WHEN Newcastle United’s proposed Saudi Arabia-led takeover collapsed earlier this year, Amanda Staveley was quick to point the finger of blame at some of the Magpies’ Premier League rivals. “The other clubs in the Premier League didn’t want it to happen,” said Staveley, with Liverpool and Tottenham subsequently having been named as the two most vehement opponents to a potentially transformative injection of Middle Eastern money on Tyneside.

At the time, her comments felt like sour grapes. The Premier League can be a Machiavellian place at times, but was it really conceivable that two members of the so-called ‘big six’ would apply pressure, or potentially even go even further and make formal requests to the board, in an attempt to prevent one of their rivals falling into cash-rich hands that might have threatened their own position as one of the big boys?

After everything that has happened this week, that question can now be answered with a fair degree of certainty. The Project Big Picture plans that were rejected at a Premier League board meeting on Wednesday were unashamedly framed as an attempt by the ‘big six’ – Manchester United, Manchester City, Liverpool, Arsenal, Chelsea and Tottenham – to entrench their financial and sporting superiority over the rest of the league.

Yes, there was the sweetener of a £250m bail-out for the EFL, something club owners in the Football League were understandably desperate to sign up to given the chronic cash-flow problems dragging clubs in the lower three divisions towards the brink of bankruptcy. But make no mistake, to the architects of Project Big Picture, most notably the respective owners of Liverpool and Manchester United, that was little more than a sugar-coated exterior to make the rest of the pill more palatable.

What really mattered to those behind the Premier League reform plans was the changes that were planned in the top-flight. The nine longest-serving Premier League teams – the ‘big six’ plus Everton, West Ham and Southampton – would be given preferential votes, meaning just six would need to agree to approve or veto any proposed change in the rules.

So, instead of the current system, whereby a majority vote of 14 is needed for any action to take place, the proposed new regulations would have meant a cabal of six clubs would have been able to dictate pretty much everything that happened in the Premier League. They would have been able to approve or reject a new TV deal. They would have had the power to alter the rules governing relegation or how many clubs were competing in the top-flight. And crucially, when it comes to Newcastle’s ownership position, they would have been able to approve or reject anyone wanting to take over a Premier League club.

In other words, the very practice Staveley had been hinting at when she railed against the Premier League’s unwillingness to sanction her PCP Capital Partners group’s attempted takeover of Newcastle would have become formally codified as part of the league’s regulations. Rather than having to subtly apply pressure to have a takeover blocked, the owners of Liverpool and Tottenham would simply have been able to raise their hands to vote against it.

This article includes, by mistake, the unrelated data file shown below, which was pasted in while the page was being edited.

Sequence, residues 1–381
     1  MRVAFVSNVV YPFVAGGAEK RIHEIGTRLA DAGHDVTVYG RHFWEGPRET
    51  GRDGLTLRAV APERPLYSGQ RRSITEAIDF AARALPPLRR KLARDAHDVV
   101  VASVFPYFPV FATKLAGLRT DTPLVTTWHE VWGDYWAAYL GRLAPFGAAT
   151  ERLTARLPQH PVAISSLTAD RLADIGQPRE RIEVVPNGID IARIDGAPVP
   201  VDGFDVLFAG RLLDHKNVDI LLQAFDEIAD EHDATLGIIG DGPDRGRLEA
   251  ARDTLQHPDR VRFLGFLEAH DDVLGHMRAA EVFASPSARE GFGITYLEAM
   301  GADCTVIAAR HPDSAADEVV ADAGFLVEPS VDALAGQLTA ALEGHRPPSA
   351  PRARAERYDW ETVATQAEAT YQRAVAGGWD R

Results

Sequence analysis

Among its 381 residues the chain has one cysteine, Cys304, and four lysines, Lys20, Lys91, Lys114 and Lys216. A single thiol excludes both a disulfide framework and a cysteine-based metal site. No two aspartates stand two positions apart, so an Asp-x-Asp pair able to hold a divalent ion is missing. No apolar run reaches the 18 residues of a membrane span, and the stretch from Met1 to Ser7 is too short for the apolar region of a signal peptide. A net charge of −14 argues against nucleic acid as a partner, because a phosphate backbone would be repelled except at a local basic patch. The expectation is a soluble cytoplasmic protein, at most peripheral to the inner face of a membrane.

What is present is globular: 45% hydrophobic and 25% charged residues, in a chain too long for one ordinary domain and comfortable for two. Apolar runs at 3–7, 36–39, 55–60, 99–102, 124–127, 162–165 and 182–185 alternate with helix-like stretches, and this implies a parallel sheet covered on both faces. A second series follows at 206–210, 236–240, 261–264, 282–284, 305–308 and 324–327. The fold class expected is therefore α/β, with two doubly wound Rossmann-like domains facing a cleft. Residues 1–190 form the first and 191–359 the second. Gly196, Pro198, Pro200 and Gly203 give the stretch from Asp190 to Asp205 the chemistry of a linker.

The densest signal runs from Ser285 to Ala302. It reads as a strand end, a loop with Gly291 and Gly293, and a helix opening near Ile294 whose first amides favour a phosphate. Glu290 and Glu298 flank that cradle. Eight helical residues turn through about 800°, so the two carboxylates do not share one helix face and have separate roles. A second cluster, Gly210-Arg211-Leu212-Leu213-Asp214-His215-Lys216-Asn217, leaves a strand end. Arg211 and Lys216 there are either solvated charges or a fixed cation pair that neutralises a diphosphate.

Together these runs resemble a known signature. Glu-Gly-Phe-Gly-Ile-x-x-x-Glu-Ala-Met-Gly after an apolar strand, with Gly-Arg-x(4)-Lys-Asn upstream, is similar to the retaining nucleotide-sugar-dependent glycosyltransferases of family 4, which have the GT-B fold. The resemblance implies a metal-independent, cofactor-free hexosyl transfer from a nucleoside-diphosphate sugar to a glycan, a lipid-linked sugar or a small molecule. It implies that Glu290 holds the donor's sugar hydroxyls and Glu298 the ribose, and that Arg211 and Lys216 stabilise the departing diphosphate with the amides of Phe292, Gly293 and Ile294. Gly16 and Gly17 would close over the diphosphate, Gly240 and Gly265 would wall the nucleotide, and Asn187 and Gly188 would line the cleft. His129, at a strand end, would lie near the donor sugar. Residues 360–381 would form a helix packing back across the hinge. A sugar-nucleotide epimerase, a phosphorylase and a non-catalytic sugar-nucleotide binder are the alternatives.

Does that matter? Staveley and Mike Ashley clearly think it does, hence the latter’s willingness to appoint two leading QCs, Shaheed Fatima and Nick de Marco, to act on his and Newcastle United’s behalf as their fight with the Premier League escalates. Newcastle supporters are understandably hurt at the way in which their club has been prevented from receiving a potentially-transformative injection of funds when others, most notably Chelsea and Manchester City, have been changed out of all recognition by takeovers that were waved through.

But this is not just a biased lashing out by disgruntled parties with an axe to grind. Any supporter who cherishes a sense of sporting fair play and understands the competitiveness that makes the Premier League so compelling should be affronted by such a blatant attempt to create a closed shop.

No one is saying that there should not be a test in place to scrutinise potential new owners. There might well have been sound reasons to reject Saudi Arabian investment into Newcastle. Human rights issues, broadcasting piracy, government involvement – all might well have been justified grounds for saying no. But that is markedly different to clubs being able to reject a proposed takeover just because it threatens their own position and revenue streams.

While the Project Big Picture plan was rejected this week, it has not gone away. The Premier League has committed itself to a ‘strategic review’ on whether to reduce the number of clubs in the division, reshape the fixture list and reallocate TV revenue. It will also examine the current rules relating to takeovers and new owners.

At some stage in the future, the ‘big six’ could still get their way, so it is imperative the rest of the Premier League gets behind Newcastle to make sure that does not happen. If the last few months have taught us anything, it is that the top-flight clubs are incapable of operating the Premier League’s business fairly and with an unbiased view.

When it comes to issues of ownership, it is time to take the process of assessing and ratifying new owners out of the Premier League’s hands and pass it to either the FA or a new independent body. That way, there is no conflict of interest, no self-motivated attempts to prevent rival clubs from being able to grow, no closed shop at the top of the division.

The big boys won’t like it, but as the events of the last week have proved, there is lot about the Premier League they don’t seem too fond about. Staveley’s plans for Newcastle included.